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F-35 crashes on deck of USS Carl Vinson in ‘landing mishap’

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An F-35C with U.S. Navy Strike Fighter Squadron (VFA) 147 crashed on the deck of the USS Carl Vinson during routine flight operations in the South China Sea on Monday, Jan. 24, according to a press release from the Navy.

The pilot ejected safely and was recovered from the water by helicopter. Seven Sailors were injured in what the Navy is referring to as a “landing mishap” at this time. Three of those Sailors, including the pilot, required medevac to Manila, Philippines for treatment, but are all now listed in stable condition. The other four were treated aboard the ship and three have already been released. The status of the fourth who remained on ship isn’t clear at this time.

U.S. Naval Institute’s Sam Lagrone reports that the aircraft impacted the flight deck and subsequently fell into the water. Damage to the flight deck was “superficial” and flight operations were quickly resumed. An investigation into the mishap is already underway and efforts to recover the lost aircraft are surely already in motion, especially given the region in which this occurred.

F-35 Carl Vinson
An F-35C from VFA-147 taking off from the USS Carl Vinson Jan. 14, 2022 (U.S. Navy)

Related: 10 great airplanes before the F-35 that overcame rough starts

The USS Carl Vinson (CVN 70), is currently operating with the USS Abraham Lincoln (CVN 72), USS America and USS Essex in the South China Sea along with units from the Japanese Maritime Self Defense Force. The mishap comes just a few weeks from the Marine Corps’ milestone deployment of VMFA-314, its first squadron to transition to the F-35C variant, aboard the Abraham Lincoln on Jan. 6.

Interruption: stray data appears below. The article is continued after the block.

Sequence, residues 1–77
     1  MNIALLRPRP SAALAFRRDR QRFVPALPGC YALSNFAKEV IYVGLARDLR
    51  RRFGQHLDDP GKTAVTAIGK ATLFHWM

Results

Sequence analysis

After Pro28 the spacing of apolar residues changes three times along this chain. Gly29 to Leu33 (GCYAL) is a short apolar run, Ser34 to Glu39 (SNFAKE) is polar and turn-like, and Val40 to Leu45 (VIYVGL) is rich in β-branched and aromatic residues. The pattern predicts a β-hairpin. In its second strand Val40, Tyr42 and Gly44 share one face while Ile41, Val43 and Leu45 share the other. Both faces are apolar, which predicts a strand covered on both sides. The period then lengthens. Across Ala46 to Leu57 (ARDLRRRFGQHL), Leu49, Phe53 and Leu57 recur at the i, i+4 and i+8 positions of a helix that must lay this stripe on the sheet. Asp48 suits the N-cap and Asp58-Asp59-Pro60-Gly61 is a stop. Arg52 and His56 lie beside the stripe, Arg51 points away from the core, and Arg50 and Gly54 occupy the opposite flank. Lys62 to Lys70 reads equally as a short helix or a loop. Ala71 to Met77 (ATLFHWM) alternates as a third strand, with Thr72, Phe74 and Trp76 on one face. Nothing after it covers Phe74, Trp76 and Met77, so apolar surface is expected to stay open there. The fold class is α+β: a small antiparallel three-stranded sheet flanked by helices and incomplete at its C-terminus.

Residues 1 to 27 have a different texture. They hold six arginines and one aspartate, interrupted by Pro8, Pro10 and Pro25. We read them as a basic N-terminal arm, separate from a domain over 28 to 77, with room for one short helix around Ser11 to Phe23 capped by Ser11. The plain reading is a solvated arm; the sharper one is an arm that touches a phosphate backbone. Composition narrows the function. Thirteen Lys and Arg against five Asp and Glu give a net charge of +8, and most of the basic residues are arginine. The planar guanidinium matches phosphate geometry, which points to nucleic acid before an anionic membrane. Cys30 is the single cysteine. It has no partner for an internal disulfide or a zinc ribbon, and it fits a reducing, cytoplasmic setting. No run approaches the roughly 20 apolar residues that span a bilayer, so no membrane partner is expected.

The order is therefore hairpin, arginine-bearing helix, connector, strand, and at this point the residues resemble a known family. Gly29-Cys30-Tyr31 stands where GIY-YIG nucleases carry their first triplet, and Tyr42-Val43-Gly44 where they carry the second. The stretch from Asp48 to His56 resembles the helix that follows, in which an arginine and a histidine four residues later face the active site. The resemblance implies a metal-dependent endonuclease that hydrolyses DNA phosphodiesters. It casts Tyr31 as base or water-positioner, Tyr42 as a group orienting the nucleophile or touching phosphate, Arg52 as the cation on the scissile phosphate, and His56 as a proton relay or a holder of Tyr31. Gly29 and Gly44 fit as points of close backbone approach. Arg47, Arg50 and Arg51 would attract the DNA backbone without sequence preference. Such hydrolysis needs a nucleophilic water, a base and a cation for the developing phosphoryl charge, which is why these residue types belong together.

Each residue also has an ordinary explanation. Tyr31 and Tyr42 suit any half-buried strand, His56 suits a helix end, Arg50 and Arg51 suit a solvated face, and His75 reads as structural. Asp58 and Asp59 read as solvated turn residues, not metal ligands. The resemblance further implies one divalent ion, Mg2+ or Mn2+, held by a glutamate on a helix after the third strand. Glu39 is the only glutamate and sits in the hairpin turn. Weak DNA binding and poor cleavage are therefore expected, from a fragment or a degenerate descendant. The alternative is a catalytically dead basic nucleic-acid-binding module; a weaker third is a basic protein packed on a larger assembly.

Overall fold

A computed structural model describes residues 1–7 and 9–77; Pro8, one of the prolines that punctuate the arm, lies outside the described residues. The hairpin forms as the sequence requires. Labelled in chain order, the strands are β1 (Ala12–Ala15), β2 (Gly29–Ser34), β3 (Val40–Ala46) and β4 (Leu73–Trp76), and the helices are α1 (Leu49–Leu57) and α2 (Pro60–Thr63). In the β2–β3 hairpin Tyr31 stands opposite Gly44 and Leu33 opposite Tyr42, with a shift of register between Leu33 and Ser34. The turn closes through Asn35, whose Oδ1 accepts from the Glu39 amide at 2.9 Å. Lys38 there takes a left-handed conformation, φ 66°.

The Carl Vinson and the Abraham Lincoln Carrier Strike Groups, composed of 14,000 Marines and Sailors, had just begun conducting joint operations on Sunday, Jan. 23. The significant presence for the training operation in the Indo-Pacific region “…highlights the U.S. Navy’s ability to deliver overwhelming maritime force, when called upon, to support a free and open Indo-Pacific region,” said Rear Adm. Dan Martin, commander of Carrier Strike Group 1.

The folded wings unique to the F-35C variant on display (U.S. Navy photo by Mass Communication Specialist Seaman Leon Vonguyen)

Related: What is the South China Sea and why is the US Navy challenging China there?

The crash marks the first loss of the “C” variant that entered service in 2019, but it is the seventh such incident involving an F-35. The most recent mishap prior to this, on Jan. 6, led to the grounding of South Korea’s F-35A fleet after a pilot was forced to make a belly landing because of avionics issues and a landing gear malfunction. There was also the British F-35B that failed to gain enough speed for takeoff and toppled over the deck of the HMS Queen Elizabeth in November 2021, although issues with the aircraft were ruled out as the cause of that crash, as an intake cover was left on for flight and sucked into the engine, causing the lack of power.

Related: Image of British F-35 fished out of sea seems to emerge online

Designed for standard Navy and Marine Corps carrier operations, the F-35C has a larger wingspan than its predecessors to allow for slower landing speed required for carrier operations. Those wingtips fold in to provide more room for storage aboard the carrier deck, and the landing gear is reinforced to accommodate the stresses of catapult-assisted takeoff and carrier landing. While coming in at slightly cheaper than the short takeoff, vertical landing (STOVL) F-35B variant, the loss of a single F-35C comes at a cost of $94.4 million according to Navy figures, while the Project on Government Oversight (POGO) lists the single unit cost as high as $117.3 million.

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Feature image: U.S. Navy

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Tory Rich

Tory Rich is a Marine veteran, and now coaches football and wrestling, so he spends most of his time lecturing younger people about “back in the old days.” Fortunately, there aren’t a lot of kids to tell to get off his lawn deep in the woods of Vermont. Since he got out of the Marines in 2011, Tory got a bachelor’s degree in Kinesiology from UNLV. While he lived in Las Vegas he dabbled in powerlifting and learned just enough about mixed martial arts to get his butt kicked.